# Aidtopia Writing Reference

_ and I nominative case, when it stands for the subject of the sentence objective case, when used as direct object, indirect object, or object of a preposition Append to noun (not pronoun) to form possessive if it is singular (even if it ends in s like Charles's). Append to subject to form contraction of subject is (informal). awareness of moral implications mentally alert for example the planet soil in other words for countable quantities, e.g., fewer students adjective (not an adverb) contraction of it is possessive form of it for non-countable quantities, e.g., less gasoline beyond in time or place, e.g., "... past the gas station." past and past participle forms of to pass possessive form of they location other than here contraction of they are to place something, transitive, present: lay, past: laid, past participle: laid, gerund: laying to recline, intransitive, present: lie, past: lay, past participle: lain, gerund: lying adverb (not an adjective) nominative case, when it stands for the subject of the sentence objective case, when used as direct object, indirect object, or object of a preposition

## Revision

See Regular Expressions to locate sloppy writing.

## Typing

A quick and dirty summary for fiction writers. Nothing fancy.

EffectTeX/LaTeXHTMLNotes
&\&&amp;
&ldquo;
''&rdquo;
- (hyphen)
--for compound words
– (en dash)
--&ndash;for numeric ranges like 1–100
— (em dash)
(no-break space)
~&nbsp;Mr.~Smith, Figure~1
...
\ellipsis...use \ldots for LaTeX
Pow!
{\em Pow!\/}<em>Pow!</em>

### TeX Example

In particular, note the use of the backslash after quotations that end with ? or ! to keep TeX from adding intra-sentence space before the dialogue tag. Use \ellipsis for a three-dot ellipsis Aidtopia macros or \ldots in LaTeX. The Aidtopia version can be followed by a period to acheive a four-dot ellipsis.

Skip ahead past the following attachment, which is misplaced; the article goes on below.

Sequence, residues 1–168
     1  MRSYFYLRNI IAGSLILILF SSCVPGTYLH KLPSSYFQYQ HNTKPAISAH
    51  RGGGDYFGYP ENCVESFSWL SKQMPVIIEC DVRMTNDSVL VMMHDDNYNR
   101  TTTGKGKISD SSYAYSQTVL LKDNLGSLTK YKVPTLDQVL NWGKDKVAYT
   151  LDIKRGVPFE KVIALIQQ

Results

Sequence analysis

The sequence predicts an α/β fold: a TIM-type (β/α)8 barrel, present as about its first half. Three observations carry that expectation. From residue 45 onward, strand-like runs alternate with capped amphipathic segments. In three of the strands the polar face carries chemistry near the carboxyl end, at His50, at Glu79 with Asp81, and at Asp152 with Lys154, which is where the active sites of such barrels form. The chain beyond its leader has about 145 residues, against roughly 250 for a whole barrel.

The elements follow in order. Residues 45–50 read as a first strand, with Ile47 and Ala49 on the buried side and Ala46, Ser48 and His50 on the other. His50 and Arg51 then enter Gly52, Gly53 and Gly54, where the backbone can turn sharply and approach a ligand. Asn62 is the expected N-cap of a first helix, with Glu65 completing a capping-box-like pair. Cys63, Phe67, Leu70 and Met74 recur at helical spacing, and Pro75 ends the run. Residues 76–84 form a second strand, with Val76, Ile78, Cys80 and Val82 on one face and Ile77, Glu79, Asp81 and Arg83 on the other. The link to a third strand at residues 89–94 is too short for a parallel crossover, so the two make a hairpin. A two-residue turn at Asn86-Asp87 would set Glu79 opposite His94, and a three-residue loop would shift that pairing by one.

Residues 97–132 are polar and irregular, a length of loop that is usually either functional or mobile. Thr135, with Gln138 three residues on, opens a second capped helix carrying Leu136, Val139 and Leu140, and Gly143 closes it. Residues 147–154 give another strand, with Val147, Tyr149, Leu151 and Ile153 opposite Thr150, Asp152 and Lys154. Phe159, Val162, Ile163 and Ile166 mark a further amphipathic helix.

I'm pregnant,'' said Mary.

What?''\ said Bob.

It's true.'' Mary retied her apron for the third time. I went to the clinic this afternoon.''

But I thought\ellipsis.'' His mind raced. The doctor said---''

He was wrong!''

Dashes are suppose to signal abrupt changes in ideas, but often they visually connect adjacent words. This can be avoided by putting spaces on either side of dashes, but you have to be careful to avoid bad line breaks by using a non-breakable space before the mark.

He was pretty sure~--- no, he was certain~--- that the child couldn't be his.

### HTML Example

<p>&ldquo;I'm pregnant,&rdquo; said Mary.</p>

<p>&ldquo;What?&rdquo; said Bob.</p>

<p>&ldquo;It's true.&rdquo; Mary retied her apron for the third time. &ldquo;I went to the clinic this afternoon.&rdquo;</p>

<p>&ldquo;But I thought....&rdquo; His mind raced. &ldquo;The doctor said&mdash;&rdquo;</p>

<p>&ldquo;He was wrong!&rdquo;</p>

Dashes are suppose to signal abrupt changes in ideas, but often they visually connect adjacent words. This can be avoided by putting spaces on either side of dashes, but you have to be careful to avoid bad line breaks by using a non-breakable space before the mark.

<p>He was pretty sure&nbsp;&mdash; no, he was certain&nbsp;&mdash; that the child couldn't be his.</p>